Aging is a full-body experience that goes far beyond your skin down to your organs and veins. While it is true that you can stave off most serious damage to your cardiovascular system by maintaining a healthy lifestyle that does not mean your veins won’t age. Let’s look at the effects of aging on your veins.
Effects of Aging on Your Veins
In reality, everyone’s veins will age, and you will likely notice some effects of that aging. By choosing to understand how your veins age and by receiving the appropriate preemptive care, you can at least be sure that your veins are unlikely to slow you down.
How Veins Age
As your veins experience the aging process, you can expect three major changes to occur.
- Your baroreceptors will become less sensitive, which may cause your blood pressure to fluctuate with your position.
- Your capillary walls will thicken, slightly reducing the exchange of nutrients and waste.
- And your arteries will become less flexible, leading to slightly elevated blood pressure.
As long as these changes are minor, you probably won’t notice much of a difference. Symptoms that indicate a more radical change may include:
- Dizziness upon standing
- Irregular heartbeat
- Bloody noses
- New varicose veins
While it may be nothing, these symptoms can indicate that there’s been a change in the way your cardiovascular system operates. Meeting with your cardiovascular specialist in Los Angeles will either help you by providing meaningful treatment or by relieving your anxiety.
Common Cardiovascular Conditions Associated with Aging
Despite all of your great health choices, your heart and your veins will age. They will become less efficient, and that makes you far more susceptible to certain cardiovascular conditions. Some of the most common cardiovascular conditions associated with aging are:
- Aortic stenosis
- Blood clots
- Congestive heart failure
- Deep vein thrombosis
- Peripheral vascular disease
During your visit to the Beverly Hills Vein and Cardiovascular Institute, Dr. Madyoon will evaluate your total cardiovascular health. Multiple tests may be required, but you will have a much clearer sense of your risk and the preventative steps you can take to maintain your cardiovascular health.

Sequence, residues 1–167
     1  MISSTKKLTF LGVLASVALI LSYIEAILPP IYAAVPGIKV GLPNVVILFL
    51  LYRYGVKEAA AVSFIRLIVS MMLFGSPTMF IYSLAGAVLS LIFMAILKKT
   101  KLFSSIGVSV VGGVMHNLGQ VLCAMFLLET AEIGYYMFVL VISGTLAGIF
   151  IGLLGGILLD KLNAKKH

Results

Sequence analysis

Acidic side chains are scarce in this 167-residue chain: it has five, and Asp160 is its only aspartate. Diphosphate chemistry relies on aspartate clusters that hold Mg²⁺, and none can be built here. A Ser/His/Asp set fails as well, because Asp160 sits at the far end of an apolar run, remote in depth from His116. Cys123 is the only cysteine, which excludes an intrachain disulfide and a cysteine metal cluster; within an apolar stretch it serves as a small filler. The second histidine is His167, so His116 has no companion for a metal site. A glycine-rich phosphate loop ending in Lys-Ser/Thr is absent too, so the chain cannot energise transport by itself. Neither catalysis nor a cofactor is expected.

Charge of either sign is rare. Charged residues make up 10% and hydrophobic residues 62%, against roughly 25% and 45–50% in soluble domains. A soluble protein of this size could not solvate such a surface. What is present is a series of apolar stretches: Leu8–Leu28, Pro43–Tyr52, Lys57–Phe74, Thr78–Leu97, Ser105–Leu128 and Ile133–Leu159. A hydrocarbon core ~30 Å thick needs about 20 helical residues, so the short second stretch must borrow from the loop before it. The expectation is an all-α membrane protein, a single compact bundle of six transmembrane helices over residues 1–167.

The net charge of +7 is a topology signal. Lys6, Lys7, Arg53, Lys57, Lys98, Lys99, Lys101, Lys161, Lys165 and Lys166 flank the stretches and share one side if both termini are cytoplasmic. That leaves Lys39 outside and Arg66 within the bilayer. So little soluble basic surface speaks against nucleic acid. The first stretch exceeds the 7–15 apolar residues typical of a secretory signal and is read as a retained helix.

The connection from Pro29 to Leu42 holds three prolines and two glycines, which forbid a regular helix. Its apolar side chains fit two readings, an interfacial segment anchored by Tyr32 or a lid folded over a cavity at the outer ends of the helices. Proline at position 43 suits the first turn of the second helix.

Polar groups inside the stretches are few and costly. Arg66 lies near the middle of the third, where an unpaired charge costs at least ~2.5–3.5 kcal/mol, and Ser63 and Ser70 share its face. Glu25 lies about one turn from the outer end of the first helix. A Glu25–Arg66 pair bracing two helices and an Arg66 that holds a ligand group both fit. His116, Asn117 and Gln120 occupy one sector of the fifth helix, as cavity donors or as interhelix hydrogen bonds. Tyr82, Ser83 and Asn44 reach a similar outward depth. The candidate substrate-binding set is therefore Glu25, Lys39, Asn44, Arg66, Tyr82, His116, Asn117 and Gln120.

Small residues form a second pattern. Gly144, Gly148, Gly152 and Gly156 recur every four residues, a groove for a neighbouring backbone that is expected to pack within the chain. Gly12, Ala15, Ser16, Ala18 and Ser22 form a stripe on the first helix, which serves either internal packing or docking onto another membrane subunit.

Potential Red Flags
When there aren’t any glaring issues, your cardiovascular specialist will look at current function to ascertain the risk of a future cardiovascular event. Things like high blood pressure, high cholesterol, and signs of venous insufficiency are all red flags that something could go wrong down the road.
Fortunately, these red flags don’t mean you’re doomed to develop any of the conditions listed above. High blood pressure and high cholesterol can both be managed with medication, diet, and exercise. Venous insufficiency is slightly more complicated, but easily handled by your cardiologist.
What is Venous Insufficiency
The term venous insufficiency describes a condition where the vein valves in your legs cannot pump blood all the way back through the heart. While it does not always prove obvious, venous insufficiency relates to varicose veins, swelling, and pain in your legs.
While it is not immediately life-threatening, venous insufficiency does increase your risk of forming a blood clot deep in one of your legs. This is called deep vein thrombosis. If the clot breaks up and travels to your lungs or your brain, it could be fatal.
Dealing with Venous Insufficiency
The good news is that you can treat your venous insufficiency in Los Angeles. Once your condition has been diagnosed, you can schedule an appointment to have it addressed at your earliest convenience.
In just one 20 minute session of laser or radiofrequency ablation, your cardiologist can address the damaged valves and redirect blood flow through much healthier channels.